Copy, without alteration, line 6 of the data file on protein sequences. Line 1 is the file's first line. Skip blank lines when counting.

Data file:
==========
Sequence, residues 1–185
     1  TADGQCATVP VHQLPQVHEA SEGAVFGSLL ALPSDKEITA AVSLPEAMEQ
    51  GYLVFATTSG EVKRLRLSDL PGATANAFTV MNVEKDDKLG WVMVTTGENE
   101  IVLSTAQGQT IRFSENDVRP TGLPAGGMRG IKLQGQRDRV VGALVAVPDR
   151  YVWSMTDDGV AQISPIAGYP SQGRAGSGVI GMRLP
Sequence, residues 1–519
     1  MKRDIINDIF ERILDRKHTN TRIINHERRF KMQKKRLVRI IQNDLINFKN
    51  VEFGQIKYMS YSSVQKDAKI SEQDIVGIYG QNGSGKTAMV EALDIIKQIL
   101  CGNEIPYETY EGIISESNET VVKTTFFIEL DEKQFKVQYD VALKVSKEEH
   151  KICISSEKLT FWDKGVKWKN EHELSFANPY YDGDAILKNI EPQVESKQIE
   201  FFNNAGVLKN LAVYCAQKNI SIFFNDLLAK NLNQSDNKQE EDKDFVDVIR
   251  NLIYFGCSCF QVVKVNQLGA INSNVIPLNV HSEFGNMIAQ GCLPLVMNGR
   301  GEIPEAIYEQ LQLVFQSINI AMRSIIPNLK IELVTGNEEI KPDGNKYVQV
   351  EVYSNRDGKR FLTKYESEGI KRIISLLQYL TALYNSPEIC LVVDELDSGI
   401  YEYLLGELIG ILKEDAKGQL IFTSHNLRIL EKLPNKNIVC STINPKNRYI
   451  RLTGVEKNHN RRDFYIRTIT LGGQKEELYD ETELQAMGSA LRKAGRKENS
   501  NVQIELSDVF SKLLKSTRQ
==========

Sequence, residues 1–519